Aerosol Transport and Distribution: A Global Modeling Study Constrained by Remote Sensing Observations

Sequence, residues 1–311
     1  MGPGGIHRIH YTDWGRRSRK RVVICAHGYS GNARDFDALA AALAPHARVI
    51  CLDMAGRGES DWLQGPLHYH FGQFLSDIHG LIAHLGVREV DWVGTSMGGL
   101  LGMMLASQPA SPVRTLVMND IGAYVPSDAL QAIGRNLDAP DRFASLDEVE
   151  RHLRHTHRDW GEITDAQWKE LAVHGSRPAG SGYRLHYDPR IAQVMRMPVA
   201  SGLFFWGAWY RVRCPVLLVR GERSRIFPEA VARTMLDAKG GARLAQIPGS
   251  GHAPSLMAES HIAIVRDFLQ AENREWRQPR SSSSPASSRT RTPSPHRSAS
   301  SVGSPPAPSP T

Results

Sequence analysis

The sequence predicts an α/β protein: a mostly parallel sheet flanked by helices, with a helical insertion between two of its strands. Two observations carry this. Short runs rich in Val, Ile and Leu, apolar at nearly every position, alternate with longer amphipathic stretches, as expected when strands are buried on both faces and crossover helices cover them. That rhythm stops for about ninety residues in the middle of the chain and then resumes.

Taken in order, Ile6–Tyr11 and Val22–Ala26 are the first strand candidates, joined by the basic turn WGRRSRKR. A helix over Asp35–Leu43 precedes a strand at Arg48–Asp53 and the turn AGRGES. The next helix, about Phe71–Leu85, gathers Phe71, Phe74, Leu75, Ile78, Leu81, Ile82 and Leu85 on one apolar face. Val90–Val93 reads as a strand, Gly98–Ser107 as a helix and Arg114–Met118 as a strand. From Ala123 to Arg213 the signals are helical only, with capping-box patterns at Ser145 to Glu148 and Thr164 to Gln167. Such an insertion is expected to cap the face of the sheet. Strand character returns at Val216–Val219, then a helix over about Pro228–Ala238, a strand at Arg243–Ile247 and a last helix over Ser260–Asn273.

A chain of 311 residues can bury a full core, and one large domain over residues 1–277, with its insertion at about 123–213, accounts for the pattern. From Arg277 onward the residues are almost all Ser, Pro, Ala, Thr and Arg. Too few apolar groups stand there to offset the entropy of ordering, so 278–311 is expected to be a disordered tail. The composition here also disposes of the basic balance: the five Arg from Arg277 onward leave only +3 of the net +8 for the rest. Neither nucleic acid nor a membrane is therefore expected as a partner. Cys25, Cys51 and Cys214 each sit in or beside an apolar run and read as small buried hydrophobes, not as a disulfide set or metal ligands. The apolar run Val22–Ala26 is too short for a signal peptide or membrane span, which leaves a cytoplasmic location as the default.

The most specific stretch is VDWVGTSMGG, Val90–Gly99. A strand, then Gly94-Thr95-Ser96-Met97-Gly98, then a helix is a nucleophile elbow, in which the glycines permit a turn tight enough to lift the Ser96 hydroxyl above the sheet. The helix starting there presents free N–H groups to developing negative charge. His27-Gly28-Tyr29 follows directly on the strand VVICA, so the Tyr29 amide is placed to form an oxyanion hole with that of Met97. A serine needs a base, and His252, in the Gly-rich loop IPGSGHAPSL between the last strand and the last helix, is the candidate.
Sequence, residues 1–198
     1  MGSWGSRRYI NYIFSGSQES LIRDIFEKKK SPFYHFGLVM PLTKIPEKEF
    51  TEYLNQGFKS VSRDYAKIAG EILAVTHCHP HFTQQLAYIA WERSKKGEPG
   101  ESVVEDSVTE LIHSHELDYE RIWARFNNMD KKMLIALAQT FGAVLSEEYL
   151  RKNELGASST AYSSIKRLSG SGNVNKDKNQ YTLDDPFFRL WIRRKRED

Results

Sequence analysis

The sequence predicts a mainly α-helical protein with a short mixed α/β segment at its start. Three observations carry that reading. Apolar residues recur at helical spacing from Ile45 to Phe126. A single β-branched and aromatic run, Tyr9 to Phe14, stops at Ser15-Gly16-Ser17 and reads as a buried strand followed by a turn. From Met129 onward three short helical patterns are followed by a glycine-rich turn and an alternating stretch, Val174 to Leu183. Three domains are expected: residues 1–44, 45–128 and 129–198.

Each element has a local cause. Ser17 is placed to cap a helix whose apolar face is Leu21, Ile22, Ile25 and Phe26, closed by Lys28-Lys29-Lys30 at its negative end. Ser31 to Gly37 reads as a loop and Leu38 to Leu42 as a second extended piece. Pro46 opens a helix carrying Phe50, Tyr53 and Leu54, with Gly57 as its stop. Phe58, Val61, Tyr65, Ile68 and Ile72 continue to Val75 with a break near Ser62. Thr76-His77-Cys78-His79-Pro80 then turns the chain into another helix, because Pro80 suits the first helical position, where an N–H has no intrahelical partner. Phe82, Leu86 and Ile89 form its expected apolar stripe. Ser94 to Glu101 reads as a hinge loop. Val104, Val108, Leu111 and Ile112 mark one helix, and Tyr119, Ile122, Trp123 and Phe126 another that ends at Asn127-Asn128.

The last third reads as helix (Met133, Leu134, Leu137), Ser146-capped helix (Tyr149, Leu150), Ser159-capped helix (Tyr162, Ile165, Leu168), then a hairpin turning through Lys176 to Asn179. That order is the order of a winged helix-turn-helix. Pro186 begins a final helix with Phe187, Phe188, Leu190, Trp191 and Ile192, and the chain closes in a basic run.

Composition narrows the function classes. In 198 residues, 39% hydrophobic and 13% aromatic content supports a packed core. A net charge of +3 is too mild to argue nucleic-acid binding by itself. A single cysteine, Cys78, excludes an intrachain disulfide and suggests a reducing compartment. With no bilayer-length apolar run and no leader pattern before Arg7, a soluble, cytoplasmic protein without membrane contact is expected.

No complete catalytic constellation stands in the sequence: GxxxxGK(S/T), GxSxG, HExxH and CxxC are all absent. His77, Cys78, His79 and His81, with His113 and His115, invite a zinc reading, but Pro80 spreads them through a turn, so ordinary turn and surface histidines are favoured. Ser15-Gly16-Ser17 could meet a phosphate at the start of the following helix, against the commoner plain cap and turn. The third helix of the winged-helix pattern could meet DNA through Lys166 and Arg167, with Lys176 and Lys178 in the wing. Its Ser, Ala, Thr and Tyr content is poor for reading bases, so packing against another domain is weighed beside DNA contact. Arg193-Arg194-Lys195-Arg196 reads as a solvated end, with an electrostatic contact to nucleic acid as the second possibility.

The fourth report of the Intergovernmental Panel of Climate Change (IPCC) unambiguously indicates that the climate is changing. Climate change is induced by changes in atmospheric abundances of greenhouse gases and aerosols, solar radiation and land surface properties, which all alter the radiative balance of the Earth. Among them, greenhouse gases and aerosols are likely the compounds affecting the climate the most. While greenhouse gases warm the Earth, aerosols influence its radiative balance by scattering and absorbing solar radiation (the direct effect), and by modifying cloud amount and properties (the indirect effect). The radiative forcing of aerosols on the climate is however the less understood among the various forcings currently considered in the IPCC assessment. This is likely related to the lack of comprehensive and accurate observations of aerosols (and in particular of their vertical distribution) which thus makes global aerosol models difficult to constrain. Recent model intercomparisons have indicated that different assumptions regarding aerosol emissions, formation and growing properties, and removal processes generate large diversities within models. These large diversities are found in particular in the Arctic and the upper troposphere region where extreme surrounding conditions take place, limiting instrument sensitivity and accuracy. The objectives of this thesis are to better quantify the processes driving the aerosol distribution in regions where the uncertainties are the largest, including the Arctic region and the upper troposphere, and to assess the quality of CALIOP observations. For this purpose, we used the fully coupled global climate-aerosol-chemistry ECHAM5-HAMMOZ model conjointly with a suite of remote sensing observations including the CALIOP satellite instrument, which provides the vertical distribution of aerosols. The model predicts the size distribution and composition of aerosols as well as the number concentration of cloud droplets and ice crystals. We first investigated the processes that drive the transport of soluble and insoluble compounds toward the Arctic in the ECHAM5-HAMMOZ model. Recognizing that scavenging processes may be an issue in global models, we "re-visited" their properties in ECHAM5-HAMMOZ. We find that the model better reproduces the aerosol vertical distribution in the northern mid- and high-latitudes, especially in the free troposphere, by decreasing aerosol scavenging coefficients in the model. Using smaller aerosol scavenging coefficients results in an increase of aerosol burden and lifetime, especially in the Arctic. In addition, the Arctic haze phenomenon is better represented in the simulation using decreased aerosol scavenging coefficients. The relative contributions of different processes governing the transport of aerosols from the midlatitudes toward the Arctic together with the relative contributions of different geopolitical source regions were then quantified. We find that Europe and Siberia contribute the most to the Arctic pollution even though Asian anthropogenic emissions are much larger. The model suggests that BC emitted in Siberia and Europe is ten times more efficiently deposited onto the Arctic than BC emitted in Asia. We next investigated an aerosol layer that forms in the vicinity of the tropical tropopause layer (TTL) over the southern Asian and Indian Ocean region. Aerosols in this layer are observed with the CALIOP instrument even though ice clouds partly mask their signal. The aerosol layer follows the Inter Tropical Convergence Zone (ITCZ), which indicates that these aerosols are likely transported during convective processes. The ECHAM5.5-HAM2 model reproduces such an aerosol layer in the TTL over the same region but clearly overestimates CALIOP data. Model results suggest that aerosols in this layer are mostly sulfate particles transported during convective processes and originating from natural sources. The shortwave forcing of this aerosol layer is estimated. Finally, we assessed the accuracy of aerosol extinction retrievals from the CALIOP satellite instrument by comparing them with remote sensing observations such as AERONET, MODIS and MISR over the last four years. Overall, standard CALIOP products underestimate by 50% observed aerosol extinctions. However, this comparison is substantially improved by screening CALIOP data. The comparison of the CALIOP screened product with the ECHAM5.5-HAM2 model shows large disparities in model results. The model reproduces quite well the observed interannual variability and vertical distribution of aerosols in Europe and North Africa while it underestimates them in America and Asia. This is likely due to an underestimate of dust and anthropogenic emissions in North America and Asia.


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